This month our Selective Collective book is “We Were Liars,” a much-hyped new novel by author e. lockhart. It’s our turn to write the review, which was hard, considering saying too much about this book could ruin it for some readers. Hope we are spoiler free enough to pique your interest without giving too much away!
A beautiful and distinguished family.
A private island.
A brilliant, damaged girl; a passionate, political boy.
A group of four friends—the Liars—whose friendship turns destructive.
A revolution. An accident. A secret.
Lies upon lies.
We Were Liars is a modern, sophisticated suspense novel from National Book Award finalist and Printz Award honoree E. Lockhart.
And if anyone asks you how it ends, just LIE.
It’s hard to review e. lockhart’s “We Were Liars” out of fear of revealing anything that might spoil the plot’s big reveals for a reader. In fact, merely saying there’s a twist is probably doing all of you who haven’t read the book a disservice, so I’m going to just concentrate on other aspects of the book and not overshare about the plot (who wants that in a review, anyway?).
The writing is excellent of course, as lockhart is a methodical, thorough writer. Whereas the writing in YA books can sometimes feel rushed or barely edited, lockhart’s prose is precise and layered (even when it seems like scattered — for a reason! — stream-of-consciousness). Lockhart’s the kind of writer who can be funny, political, silly, and literary (pay attention to the “King Lear” references) all at once. This book has loads of sociopolitical and class commentary (it takes place in a Hyannis Port type of private New England island, with a very WASPy family at its core), a central multicultural romance, and a heartbreaking exploration of how families can fail one another but eventually heal. There’s a lot going on in just 240 pages.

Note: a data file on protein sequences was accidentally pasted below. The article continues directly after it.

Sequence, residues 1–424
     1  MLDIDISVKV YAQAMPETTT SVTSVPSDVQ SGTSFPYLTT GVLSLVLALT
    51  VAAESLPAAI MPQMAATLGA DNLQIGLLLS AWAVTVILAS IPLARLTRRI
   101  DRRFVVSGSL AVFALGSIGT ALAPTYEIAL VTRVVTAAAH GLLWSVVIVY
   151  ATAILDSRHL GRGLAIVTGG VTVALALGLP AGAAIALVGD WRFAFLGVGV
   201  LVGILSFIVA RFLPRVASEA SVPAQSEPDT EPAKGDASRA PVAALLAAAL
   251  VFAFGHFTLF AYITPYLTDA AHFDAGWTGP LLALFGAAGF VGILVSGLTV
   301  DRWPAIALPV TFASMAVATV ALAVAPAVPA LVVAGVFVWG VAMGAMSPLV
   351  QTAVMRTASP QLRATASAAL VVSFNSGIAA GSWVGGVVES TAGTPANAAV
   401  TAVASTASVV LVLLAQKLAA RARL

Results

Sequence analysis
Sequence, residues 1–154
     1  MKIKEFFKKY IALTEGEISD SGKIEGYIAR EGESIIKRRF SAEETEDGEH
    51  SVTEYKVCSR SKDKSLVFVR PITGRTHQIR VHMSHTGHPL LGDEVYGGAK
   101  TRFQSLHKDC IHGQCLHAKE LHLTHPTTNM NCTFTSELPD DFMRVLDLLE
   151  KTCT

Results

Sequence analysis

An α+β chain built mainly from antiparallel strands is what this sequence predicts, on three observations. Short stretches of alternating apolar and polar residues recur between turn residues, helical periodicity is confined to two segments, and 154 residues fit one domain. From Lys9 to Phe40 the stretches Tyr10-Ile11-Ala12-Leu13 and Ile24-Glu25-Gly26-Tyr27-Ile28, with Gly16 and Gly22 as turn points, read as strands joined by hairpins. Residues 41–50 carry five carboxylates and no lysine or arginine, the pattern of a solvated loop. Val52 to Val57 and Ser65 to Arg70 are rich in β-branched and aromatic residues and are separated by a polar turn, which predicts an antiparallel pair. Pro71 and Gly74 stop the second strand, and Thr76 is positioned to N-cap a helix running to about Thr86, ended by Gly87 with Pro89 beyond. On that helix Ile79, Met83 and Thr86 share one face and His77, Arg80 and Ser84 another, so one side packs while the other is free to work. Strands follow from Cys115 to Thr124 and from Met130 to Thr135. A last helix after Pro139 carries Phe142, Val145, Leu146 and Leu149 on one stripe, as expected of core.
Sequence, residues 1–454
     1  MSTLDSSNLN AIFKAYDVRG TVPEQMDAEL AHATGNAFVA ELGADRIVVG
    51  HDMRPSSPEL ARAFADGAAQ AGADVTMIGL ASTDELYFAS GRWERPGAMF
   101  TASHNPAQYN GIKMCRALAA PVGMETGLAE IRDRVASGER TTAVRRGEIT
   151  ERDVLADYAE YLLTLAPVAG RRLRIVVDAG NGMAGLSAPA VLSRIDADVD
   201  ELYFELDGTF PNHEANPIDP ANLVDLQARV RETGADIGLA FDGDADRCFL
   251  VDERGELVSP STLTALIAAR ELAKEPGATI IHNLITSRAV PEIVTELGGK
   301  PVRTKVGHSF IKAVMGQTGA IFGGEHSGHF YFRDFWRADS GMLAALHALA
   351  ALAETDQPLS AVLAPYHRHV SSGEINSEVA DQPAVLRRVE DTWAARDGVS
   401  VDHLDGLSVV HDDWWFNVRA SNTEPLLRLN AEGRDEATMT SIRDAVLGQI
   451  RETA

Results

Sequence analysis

Cady, the protagonist, isn’t the most likable (or reliable) narrator. She is closed off and confused and self-absorbed, because she has no real idea what the hell happened to her in a mysterious accident no one will talk about or explain to her. The only thing Cady wants to do is reconnect with the three people she knows best in the world: her two cousins (each the child of one of her mother’s sisters) and the summer boy (her aunt’s Indian partner’s nephew) she grew up loving.
Lockhart’s exploration of summer bonds among a rarefied clique of patrician teens isn’t exactly original (lots of books follow rich kids in swanky beach towns), but her inclusion of the narrative’s central character of color, a deep-thinking activist who is acutely aware of his outsider status, is fascinating to us. We actually wish the book had been more about him than about Cady, who is difficult to connect with for most of the book!
If there hadn’t been so much buzz about “We Were Liars,” we probably would consider it an A level read, but for all the hype, there was something about the story that felt underwhelming. We’d still give it a starry B+, but we weren’t blown away by it like we were by “The Disreputable History of Frankie Landau-Banks” (another book, we might add, about ridiculously privileged teens).
Make sure to check out everyone else in the Selective Collective’s features, especially the Author profile + Giveaway if you want a chance to win a copy of the book!